Here’s a reason to make sure that your applications include an honesty provision: If an applicant sues for discrimination, she won’t get very far if you catch her being less than honest on the application.
An employee who doesn’t provide honest information can’t get past the first step of her lawsuit—proving that she is qualified for the job she didn’t get.
Recent case: Mirna Serrano, who is black, applied for a job with Cintas. She misstated her education and experience despite signing the application, attesting it to be “true, correct and complete.” She sued for race discrimination when she didn’t get the job.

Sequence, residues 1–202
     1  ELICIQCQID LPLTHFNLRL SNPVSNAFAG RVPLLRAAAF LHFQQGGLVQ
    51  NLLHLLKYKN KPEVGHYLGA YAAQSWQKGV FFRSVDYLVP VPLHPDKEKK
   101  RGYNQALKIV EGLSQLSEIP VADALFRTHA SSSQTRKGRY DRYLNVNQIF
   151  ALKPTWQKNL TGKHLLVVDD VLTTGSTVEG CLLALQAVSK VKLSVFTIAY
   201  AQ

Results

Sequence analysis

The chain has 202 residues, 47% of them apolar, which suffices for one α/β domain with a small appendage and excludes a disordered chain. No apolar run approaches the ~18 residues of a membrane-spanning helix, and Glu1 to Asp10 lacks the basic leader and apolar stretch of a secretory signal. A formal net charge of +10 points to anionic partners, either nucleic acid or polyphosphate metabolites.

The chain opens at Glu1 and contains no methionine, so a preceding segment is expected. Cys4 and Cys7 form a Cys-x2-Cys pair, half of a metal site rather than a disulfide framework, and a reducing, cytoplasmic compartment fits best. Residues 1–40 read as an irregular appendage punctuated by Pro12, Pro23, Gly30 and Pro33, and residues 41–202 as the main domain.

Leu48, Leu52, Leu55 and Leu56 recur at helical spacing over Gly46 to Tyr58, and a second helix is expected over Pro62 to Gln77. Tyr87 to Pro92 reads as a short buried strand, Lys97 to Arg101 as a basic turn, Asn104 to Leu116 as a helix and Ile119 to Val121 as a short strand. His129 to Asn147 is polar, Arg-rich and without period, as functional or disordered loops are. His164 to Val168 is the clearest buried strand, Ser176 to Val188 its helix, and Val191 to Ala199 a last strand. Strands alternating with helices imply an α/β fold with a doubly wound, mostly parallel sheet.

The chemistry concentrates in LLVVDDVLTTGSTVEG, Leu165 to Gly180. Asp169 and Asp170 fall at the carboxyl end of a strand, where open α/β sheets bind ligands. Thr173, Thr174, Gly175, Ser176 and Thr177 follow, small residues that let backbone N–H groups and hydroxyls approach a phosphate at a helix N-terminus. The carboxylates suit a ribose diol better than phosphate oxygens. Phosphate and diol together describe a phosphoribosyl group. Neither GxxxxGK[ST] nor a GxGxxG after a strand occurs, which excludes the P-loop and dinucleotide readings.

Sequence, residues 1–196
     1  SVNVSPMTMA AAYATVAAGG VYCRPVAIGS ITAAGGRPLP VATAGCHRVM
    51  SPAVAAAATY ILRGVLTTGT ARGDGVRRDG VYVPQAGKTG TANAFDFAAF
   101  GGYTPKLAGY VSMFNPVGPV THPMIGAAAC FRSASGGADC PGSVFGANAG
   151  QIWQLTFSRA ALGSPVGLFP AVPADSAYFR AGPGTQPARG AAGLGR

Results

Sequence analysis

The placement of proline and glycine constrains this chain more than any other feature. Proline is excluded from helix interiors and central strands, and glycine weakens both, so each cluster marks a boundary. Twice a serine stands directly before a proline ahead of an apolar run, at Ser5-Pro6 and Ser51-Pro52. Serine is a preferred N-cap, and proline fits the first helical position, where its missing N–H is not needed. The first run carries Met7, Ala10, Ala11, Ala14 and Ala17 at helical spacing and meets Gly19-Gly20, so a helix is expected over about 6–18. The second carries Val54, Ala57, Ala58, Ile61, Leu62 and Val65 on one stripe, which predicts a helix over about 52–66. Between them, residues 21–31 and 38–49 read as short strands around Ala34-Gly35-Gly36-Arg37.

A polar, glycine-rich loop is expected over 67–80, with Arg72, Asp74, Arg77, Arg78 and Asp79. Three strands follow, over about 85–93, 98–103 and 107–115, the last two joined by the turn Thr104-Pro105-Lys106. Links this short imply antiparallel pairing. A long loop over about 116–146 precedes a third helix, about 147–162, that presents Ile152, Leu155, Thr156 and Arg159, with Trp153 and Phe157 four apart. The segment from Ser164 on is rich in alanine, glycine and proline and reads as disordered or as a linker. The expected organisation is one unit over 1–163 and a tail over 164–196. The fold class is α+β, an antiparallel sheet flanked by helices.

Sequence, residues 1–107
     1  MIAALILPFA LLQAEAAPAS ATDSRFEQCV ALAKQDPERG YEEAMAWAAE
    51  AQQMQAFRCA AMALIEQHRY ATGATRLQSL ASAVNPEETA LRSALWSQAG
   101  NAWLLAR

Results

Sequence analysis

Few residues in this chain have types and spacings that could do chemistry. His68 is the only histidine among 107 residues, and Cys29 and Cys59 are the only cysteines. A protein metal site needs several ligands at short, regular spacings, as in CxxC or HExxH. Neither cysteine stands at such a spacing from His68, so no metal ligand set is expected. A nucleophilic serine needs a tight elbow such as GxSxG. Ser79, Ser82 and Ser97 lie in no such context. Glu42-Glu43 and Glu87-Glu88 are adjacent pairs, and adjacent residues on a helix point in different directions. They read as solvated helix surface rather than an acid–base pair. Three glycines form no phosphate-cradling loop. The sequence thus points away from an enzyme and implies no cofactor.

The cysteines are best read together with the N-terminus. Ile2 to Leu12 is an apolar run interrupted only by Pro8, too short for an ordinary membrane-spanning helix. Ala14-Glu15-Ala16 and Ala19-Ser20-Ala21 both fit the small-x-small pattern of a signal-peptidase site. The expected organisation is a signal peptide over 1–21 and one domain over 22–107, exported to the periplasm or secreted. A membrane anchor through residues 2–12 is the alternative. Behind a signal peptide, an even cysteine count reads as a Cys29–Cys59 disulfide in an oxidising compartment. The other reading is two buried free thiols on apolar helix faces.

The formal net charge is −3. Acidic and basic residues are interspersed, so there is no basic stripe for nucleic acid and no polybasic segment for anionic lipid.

The court said she had no case because it turned out she had provided incorrect information. Therefore, the court reasoned, she violated the honesty requirement and wasn’t qualified for the job. (Serrano v. Cintas, No. 04-40132, ED MI, 2008)
- How to Fire an Employee the Legal Way: 6 Termination Guidelines
- School bus driver loses sexual harassment case
- Absolute ban on all who fail drug test upheld
- Making economic argument for staff cuts? Better make sure the math adds up
- Beat discrimination lawsuits by nailing down specific rationale for employment decisions